further, if there's no one else in the picture (i.e. providing supervision and support at home in place of family members) i would think health professionals will be less likely to just discharge jane to go home alone. it may help her get some more support, which she's clearly in need of, or may force her family to take her in.

unfortunately, you can't stop someone who's really intent on killling themselves, and it's not fair to have your sister be on 24 hour suicide watch.
posted by wayward vagabond at 11:37 PM on May 22, 2007

I think your sister is absolutely correct that she needs to get out. She also needs to steel herself to phone calls from Jane that say "I'm going to kill myself today". The one case I knew that was at all similar to this was someone who was very far gone in Borderline Personality Disorder, incapable of helping herself, and destroying anyone who tried to help her by basically requiring their 24 hour presence at her side (or she would kill herself, you see). There is only one way to detach from that, and it's absolutely brutal on a person who has a conscience (as your sister obviously does).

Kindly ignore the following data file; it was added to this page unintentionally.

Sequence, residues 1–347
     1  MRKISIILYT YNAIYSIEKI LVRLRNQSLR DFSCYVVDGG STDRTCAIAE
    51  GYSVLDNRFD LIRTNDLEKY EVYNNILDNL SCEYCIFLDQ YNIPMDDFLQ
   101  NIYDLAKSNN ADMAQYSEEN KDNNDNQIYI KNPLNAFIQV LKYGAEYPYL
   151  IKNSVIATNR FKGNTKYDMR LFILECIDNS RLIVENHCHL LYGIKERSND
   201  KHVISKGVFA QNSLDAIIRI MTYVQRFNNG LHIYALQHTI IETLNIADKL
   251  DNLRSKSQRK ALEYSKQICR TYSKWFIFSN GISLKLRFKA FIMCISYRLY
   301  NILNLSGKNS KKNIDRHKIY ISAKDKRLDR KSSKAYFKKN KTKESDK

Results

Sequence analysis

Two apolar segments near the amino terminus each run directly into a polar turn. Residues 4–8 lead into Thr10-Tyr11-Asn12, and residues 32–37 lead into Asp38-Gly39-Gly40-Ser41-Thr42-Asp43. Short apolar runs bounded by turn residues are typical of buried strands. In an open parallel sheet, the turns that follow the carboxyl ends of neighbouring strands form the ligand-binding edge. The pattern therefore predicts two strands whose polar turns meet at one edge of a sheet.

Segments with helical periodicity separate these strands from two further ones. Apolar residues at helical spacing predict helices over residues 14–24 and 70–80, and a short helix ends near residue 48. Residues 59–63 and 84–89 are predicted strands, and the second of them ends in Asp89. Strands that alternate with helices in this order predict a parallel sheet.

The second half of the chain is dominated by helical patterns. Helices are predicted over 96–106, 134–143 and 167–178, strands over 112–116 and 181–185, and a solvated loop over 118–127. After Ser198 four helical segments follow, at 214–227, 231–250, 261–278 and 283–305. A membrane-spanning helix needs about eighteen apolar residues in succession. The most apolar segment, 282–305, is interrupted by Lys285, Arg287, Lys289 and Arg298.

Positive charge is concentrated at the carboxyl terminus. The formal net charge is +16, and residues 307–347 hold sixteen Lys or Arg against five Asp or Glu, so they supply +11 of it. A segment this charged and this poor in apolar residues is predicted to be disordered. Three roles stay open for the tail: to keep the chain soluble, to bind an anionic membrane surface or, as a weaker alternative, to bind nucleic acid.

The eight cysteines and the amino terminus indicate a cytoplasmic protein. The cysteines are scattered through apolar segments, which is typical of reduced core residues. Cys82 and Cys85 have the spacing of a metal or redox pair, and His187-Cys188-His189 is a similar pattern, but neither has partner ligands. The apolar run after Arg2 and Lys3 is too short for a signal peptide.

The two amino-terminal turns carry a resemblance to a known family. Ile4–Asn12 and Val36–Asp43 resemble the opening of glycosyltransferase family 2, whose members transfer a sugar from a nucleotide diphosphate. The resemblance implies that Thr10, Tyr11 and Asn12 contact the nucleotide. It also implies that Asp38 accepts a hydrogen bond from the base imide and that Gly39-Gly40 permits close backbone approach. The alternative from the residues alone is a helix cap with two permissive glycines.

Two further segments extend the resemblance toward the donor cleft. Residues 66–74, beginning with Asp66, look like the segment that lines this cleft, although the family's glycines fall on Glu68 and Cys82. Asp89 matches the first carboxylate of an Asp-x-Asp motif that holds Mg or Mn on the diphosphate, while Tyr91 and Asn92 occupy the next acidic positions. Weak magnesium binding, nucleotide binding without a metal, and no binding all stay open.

The best solution is to get a third party psychiatric professional involved somehow.

- Would Jane be willing to voluntarily sign herself into some kind of psychiatric care facility?
- If no, can your sister get one of the doctors from the recent suicide attempt to sign off on an involuntary commitment? Or can she leave that with the family to arrange?
posted by LobsterMitten at 11:44 PM on May 22, 2007